The NJSP has also demonstrated a prima facie case for the application of the
deliberative process privilege to the A&C and Review Sheets here. The NJSP has
established that the information being withheld is predecisional and deliberative. The
withheld documents were generated for the purpose of ultimately determining whether
Reifler’s conduct violated any state or federal law, or any rule or regulation applicable to
Initially, Plaintiffs argued that NJSP failed to satisfy the procedural requirements for asserting privilege because it
did not submit an affidavit from a responsible NJSP official making a formal claim of privilege and providing
precise reasons for asserting it. With the Court’s permission, NJSP supplemented its submission with the
Certification of Major James A. Parker.
Case 2:17-cv-00735-WJM-MF Document 83 Filed 11/02/20 Page 7 of 8 PageID: 760
members of the NJSP, and whether discipline consequently should be imposed.
(Certification of Major James A. Parker (“Parker Certif.”) at ¶ 3.) As explained in the
certification of Major Parker, the investigating officer prepares the Allegations and
Conclusions portion of the internal investigation file which are “a reflection of an internal
deliberative process of applying the facts adduced through the investigatory process to
the allegations made, and coming to an initial conclusion as to whether the trooper has in
fact committed a violation.” (Parker Certif. at ¶¶ 4-5.) See In re U.S., 321 Fed. Appx.
953, 959 (Fed. Cir. 2009) (“factual information that itself reveals the deliberative process
and cannot be severed from the deliberative context is protected.”) Supervising members
in the OPS chain of command review the investigating officer’s findings and memorialize
their opinions and recommendations as to whether to impose discipline in the Review
Sheets. (Parker Certif. at ¶¶ 8-9.) Major Parker then considers the complete file,
including the Review Sheets and the Allegations & Conclusions, and formulates a
recommendation to the Superintendent of the State Police, the ultimate decision maker,
who renders a decision on any disciplinary action. (Parker Certif. at ¶ 11.) The contents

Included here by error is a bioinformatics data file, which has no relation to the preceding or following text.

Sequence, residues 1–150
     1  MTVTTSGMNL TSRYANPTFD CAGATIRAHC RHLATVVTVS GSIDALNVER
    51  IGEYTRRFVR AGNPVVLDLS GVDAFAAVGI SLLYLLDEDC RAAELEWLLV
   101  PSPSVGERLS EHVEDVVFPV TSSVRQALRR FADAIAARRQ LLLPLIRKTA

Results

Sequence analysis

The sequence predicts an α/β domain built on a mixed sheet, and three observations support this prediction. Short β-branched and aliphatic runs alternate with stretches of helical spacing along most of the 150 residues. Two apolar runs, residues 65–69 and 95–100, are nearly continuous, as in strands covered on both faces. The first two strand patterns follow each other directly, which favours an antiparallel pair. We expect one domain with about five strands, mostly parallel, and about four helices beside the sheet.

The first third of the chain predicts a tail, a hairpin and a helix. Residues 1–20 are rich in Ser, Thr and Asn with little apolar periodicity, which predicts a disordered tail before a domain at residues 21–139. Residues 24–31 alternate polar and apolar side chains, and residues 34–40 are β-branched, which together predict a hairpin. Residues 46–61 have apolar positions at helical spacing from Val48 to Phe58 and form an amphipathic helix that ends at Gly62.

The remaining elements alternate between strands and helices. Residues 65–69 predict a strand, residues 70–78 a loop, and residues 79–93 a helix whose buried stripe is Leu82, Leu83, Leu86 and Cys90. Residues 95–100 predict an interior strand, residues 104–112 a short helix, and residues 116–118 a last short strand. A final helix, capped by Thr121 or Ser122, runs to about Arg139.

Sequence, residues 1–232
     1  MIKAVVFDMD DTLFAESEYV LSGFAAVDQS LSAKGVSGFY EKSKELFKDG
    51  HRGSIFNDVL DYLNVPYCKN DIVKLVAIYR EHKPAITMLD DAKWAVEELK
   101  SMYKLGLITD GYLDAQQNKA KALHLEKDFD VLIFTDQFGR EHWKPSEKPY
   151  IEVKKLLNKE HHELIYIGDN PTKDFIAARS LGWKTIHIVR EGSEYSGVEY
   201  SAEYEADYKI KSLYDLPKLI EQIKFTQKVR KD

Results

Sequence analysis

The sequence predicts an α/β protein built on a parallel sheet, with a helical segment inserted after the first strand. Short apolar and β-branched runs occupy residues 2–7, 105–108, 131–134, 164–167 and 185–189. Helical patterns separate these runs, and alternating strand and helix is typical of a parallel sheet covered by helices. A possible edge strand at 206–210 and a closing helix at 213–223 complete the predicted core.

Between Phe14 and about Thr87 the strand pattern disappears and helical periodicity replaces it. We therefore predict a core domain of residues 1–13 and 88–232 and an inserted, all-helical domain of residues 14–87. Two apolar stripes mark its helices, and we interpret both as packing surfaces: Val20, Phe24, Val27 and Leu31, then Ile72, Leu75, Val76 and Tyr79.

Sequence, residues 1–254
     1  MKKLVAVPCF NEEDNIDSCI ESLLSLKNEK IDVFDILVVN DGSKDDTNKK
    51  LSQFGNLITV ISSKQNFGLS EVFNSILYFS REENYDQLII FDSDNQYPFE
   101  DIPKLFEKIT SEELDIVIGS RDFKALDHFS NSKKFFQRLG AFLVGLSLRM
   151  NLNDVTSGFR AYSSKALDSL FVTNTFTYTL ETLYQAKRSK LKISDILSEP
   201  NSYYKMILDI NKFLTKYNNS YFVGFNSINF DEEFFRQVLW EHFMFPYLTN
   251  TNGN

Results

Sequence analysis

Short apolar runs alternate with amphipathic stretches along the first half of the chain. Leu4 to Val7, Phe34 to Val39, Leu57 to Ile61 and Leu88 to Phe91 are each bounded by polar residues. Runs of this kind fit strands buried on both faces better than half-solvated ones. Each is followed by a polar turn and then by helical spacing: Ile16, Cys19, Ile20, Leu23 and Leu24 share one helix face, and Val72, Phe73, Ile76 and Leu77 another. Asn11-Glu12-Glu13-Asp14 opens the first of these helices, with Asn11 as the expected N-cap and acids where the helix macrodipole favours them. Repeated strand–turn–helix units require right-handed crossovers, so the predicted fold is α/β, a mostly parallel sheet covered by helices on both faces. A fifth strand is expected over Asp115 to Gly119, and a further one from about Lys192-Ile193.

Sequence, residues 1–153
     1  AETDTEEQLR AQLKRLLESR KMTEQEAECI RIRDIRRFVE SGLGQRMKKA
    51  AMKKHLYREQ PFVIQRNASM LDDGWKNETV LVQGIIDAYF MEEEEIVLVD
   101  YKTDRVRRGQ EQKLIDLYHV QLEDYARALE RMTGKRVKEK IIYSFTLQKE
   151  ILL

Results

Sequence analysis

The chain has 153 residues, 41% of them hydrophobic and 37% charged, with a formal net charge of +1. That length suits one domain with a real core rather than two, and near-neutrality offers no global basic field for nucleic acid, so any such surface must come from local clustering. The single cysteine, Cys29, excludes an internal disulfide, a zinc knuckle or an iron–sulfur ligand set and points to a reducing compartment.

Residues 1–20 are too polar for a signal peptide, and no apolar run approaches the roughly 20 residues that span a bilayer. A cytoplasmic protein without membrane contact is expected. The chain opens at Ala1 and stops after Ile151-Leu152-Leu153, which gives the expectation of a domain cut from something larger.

of the Allegations and Conclusions and the Review Sheets are precisely the type of
internal, advisory communications contemplated by the deliberative process privilege. 4
See Bayliss v. New Jersey State Police, 622 Fed. Appx. 182, 185 (3d Cir. 2015) (finding
The need for confidentiality is underscored by Major Parker. He states that he “rel[ies] heavily upon the candid
summaries and evaluations of [his] command staff before submitting [his] recommendation to the Superintendent”
and that the disclosure of A&C and Review Sheets “would have a chilling effect on the candor of the reviewing
officers.” (Parker Certif. at ¶¶ 12-13.) Major Park underscores that “to deny the Superintendent the free flow of
advice from his experienced supervisory personnel undermines the public interest, would unreasonably and
unnecessarily restrict the orderly functioning of the NJSP, and negatively affect the administration of the trooper
disciplinary system.” (Parker Certif. at ¶ 14.)
Case 2:17-cv-00735-WJM-MF Document 83 Filed 11/02/20 Page 8 of 8 PageID: 761
NJSP’s Review Sheets protected by the deliberative process privilege).
Plaintiffs have not demonstrated that their need for the withheld documents
outweighs the NJSP’s interest in maintaining their confidentiality. The A&C and Review
Sheets contain no new factual information beyond what is contained in the investigation
report itself. (Parker Certif. at ¶ 13.) NJSP has already provided Plaintiff with the
investigation report which presumably contains the identify of the investigating officer,
the identities and statements of all witnesses and all of the facts established from the
investigation and relied upon by NJSP Office of Professional Standards in making its
disciplinary decision. Plaintiffs can depose witnesses regarding information gleaned
from the investigation report. Moreover, the A&C and Review Sheets have marginal, if
any, relevance to Plaintiffs’ claims for false arrest, wrongful incarceration, and malicious
prosecution against Reifler in his individual capacity. To the extent Plaintiffs argue that
the information is relevant to their supervisory liability claims, those claims have been
dismissed. See Ranke v. Sanofi-Synthelabo Inc., 436 F.3d 197, 204 (3d Cir. 2006) (The
purpose of discovery is to uncover evidence of the facts pleaded in the Complaint, not ‘to
find a cause of action.”)
For the reasons set forth above, Plaintiffs’ motion to compel is denied.
Dated: November 2, 2020
United States Magistrate Judge
Disclaimer: Justia Dockets & Filings provides public litigation records from the federal appellate and district courts. These filings and docket sheets should not be considered findings of fact or liability, nor do they necessarily reflect the view of Justia.
Why Is My Information Online?